Tristan Da Cunha is one of a set of islands in the South Atlantic, which are the most remote inhabited archipelago in the world. The nearest populated land mass is the island of St. Helena, 745 miles away. To further understand the magnitude of the islands’ isolation, the nearest city is Cape Town, the capital of South Africa, which is 1,511 miles west. St Mary’s School (above photograph) is located on Tristan’s only permanently inhabited locale, known as Edinburgh of the Seven Seas. Discovered by Portuguese sailors in 1506, the islands have been a British territory since 1816.
During the island’s early colonial history, several of William Glass’ (Scottish Corporal and Settler that established the Tristan Da Cunha settlement) children were sent to England and Cape Town for schooling. Occasional visitors were also asked to help teach island children. The first teacher – Benjamin Pankhurst, arrived in 1830 for two years. Rev Taylor, Tristan’s first minister, began a school, originally in William Glass’ home, then in the largest Tristan house, built by Andrew Hagan which served as both church and school until 1923. This house, still a Hagan home, was one of the last remaining houses thatched with New Zealand Flag. During World War II an expanded school was provided by the Naval Station and a new school house was built.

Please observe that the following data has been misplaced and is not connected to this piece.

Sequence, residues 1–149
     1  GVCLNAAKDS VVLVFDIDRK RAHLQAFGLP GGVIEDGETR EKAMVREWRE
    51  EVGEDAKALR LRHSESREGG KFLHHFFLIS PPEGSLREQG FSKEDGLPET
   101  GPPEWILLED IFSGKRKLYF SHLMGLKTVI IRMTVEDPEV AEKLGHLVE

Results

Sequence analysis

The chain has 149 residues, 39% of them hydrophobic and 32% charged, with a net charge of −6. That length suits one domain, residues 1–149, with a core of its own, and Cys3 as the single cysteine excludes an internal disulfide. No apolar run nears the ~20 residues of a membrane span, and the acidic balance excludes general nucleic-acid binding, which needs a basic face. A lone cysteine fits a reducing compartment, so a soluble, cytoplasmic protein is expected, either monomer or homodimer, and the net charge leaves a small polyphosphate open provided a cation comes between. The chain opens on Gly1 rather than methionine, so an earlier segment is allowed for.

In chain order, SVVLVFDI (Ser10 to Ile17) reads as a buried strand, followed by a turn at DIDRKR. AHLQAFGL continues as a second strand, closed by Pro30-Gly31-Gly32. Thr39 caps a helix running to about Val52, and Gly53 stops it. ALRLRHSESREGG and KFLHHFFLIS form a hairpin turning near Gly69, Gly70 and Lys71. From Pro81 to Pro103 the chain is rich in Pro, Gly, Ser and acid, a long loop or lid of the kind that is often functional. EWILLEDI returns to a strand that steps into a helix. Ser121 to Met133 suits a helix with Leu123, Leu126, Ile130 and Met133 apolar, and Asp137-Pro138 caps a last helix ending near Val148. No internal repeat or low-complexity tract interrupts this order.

St Mary’s School opened in 1975. It has five classrooms, a library, a hall with stage, a computer suite, a cookery room, and a craft/science room. St Mary’s School educates Tristan children between the ages of three and sixteen.
Photographs Of St Mary’s School:
Photographs of the island, Tristan Du Cunha:
Prince Andrew School, St. Helena Island:
While not Tristan Du Cunha, St. Helena island is the nearest populated land mass and is used as reference since not only does it neighbor the island but also carries many similarities: same education, goverment, ethnicity of people, etc.